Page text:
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Watertown comes together to show solidarity against hate and violence

Church leaders in Watertown held a rally on the Public Square Tuesday in response to the recent shootings across the country. The crowd of nearly 100 came to pray and listen to clergy speak about the importance of accepting one another regardless of race, background or faith.

Cars thundered by as people passed out water and searched for shade under the trees. Church leaders from congregations across Watertown took turns addressing the crowd.

Rev. Jeffery Smith, First Baptist Church’s first black pastor, organized the rally.

“From Ferguson, to Louisiana, to Syria to Dallas and every place else. It’s about every life. It’s about lives matter," Smith said to the crowd.

Credit Julia Botero / WRVO News
First Baptist Church's Reverend Jeffrey Smith organized the rally.

Smith revealed he’s been pulled over by police and handcuffed simply because of the color of his skin. He said after the deaths last week of black men in Louisiana and Minnesota and five police officers in Dallas, he felt compelled to reach out to his community. 

“I just felt like the lord tapped me on the shoulder and said you do something. Because if we don’t stand for righteousness, we don’t stand for nothing.”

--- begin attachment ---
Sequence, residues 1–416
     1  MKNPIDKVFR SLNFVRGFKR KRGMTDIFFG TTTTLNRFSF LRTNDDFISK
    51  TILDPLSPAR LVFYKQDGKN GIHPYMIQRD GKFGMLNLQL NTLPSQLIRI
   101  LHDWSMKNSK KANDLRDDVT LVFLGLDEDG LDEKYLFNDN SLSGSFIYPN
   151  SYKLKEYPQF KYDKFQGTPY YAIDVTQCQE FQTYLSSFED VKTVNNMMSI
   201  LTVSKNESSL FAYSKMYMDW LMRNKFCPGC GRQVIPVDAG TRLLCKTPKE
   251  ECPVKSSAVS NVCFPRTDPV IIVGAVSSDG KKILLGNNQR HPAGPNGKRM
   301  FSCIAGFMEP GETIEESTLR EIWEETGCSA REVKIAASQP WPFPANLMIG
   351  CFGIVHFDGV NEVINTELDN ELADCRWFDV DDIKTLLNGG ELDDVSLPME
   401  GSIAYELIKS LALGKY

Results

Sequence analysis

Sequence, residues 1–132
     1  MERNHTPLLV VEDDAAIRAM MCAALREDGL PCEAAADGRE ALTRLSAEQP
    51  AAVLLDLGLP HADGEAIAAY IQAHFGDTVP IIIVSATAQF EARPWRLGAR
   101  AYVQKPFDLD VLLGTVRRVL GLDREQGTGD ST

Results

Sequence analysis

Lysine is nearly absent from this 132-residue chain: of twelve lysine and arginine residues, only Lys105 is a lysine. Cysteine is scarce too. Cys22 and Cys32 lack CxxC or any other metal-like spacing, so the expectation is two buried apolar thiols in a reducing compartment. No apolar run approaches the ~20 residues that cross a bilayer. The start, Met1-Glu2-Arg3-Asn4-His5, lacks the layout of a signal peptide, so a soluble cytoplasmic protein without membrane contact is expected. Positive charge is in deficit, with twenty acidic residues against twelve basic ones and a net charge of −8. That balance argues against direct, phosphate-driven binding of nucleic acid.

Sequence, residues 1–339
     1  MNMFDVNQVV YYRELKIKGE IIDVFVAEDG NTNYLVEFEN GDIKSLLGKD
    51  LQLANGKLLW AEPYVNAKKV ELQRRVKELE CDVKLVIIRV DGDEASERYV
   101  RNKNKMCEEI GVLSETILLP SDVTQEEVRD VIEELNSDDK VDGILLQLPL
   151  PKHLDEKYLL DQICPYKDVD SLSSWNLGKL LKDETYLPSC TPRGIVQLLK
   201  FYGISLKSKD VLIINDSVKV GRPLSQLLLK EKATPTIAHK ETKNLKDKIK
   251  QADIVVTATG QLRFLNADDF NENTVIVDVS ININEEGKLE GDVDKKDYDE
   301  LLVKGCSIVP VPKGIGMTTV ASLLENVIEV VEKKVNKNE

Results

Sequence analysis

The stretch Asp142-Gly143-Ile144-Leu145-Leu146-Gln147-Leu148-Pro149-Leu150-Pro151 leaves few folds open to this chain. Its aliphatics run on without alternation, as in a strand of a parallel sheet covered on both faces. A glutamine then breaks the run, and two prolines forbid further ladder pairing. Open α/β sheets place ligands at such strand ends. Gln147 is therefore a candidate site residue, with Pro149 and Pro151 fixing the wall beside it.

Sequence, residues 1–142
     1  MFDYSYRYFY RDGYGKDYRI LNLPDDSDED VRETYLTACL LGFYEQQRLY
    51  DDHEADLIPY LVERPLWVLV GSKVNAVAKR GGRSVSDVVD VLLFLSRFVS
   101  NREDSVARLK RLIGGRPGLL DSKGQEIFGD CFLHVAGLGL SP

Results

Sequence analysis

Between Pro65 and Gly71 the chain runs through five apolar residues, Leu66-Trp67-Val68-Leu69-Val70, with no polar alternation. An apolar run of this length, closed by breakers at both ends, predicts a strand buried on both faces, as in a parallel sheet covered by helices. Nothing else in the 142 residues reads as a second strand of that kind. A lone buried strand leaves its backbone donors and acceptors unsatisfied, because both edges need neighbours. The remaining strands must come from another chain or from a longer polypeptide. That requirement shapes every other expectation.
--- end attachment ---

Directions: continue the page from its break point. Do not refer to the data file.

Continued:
Bernard Riley said he was shocked and saddened by the recent shootings. 

“I think the response is to get out and love on people. I think that is the only response to hurt."

Riley said as an African American man he feels safe in the North Country. “I feel like I have a lot of amazing people in our church, in our local community, on the police force, in our black community, in our white community and if you focus on the little things that are wrong, you’re going to miss a whole lot of things that are right,” said Riley.

Credit Julia Botero / WRVO News
People at the rally wanted to show their support for every person who has lost their life because of violence.

Church leaders addressed race and racism head on. Chris Hopper is associate pastor at the New Life Christian Church in Watertown. He said everyone needs to acknowledge that racism still exists, even here. 

“As a white person it is my duty to address this and be behind it. Black Lives Matter is a Christian cause, it’s a white cause, we’ve made it exclusively a black cause and that is unjust, unfair and reprehensible.”

Hopper said gatherings like this one where people of all backgrounds come together to support each other needs to happen more often all over the country.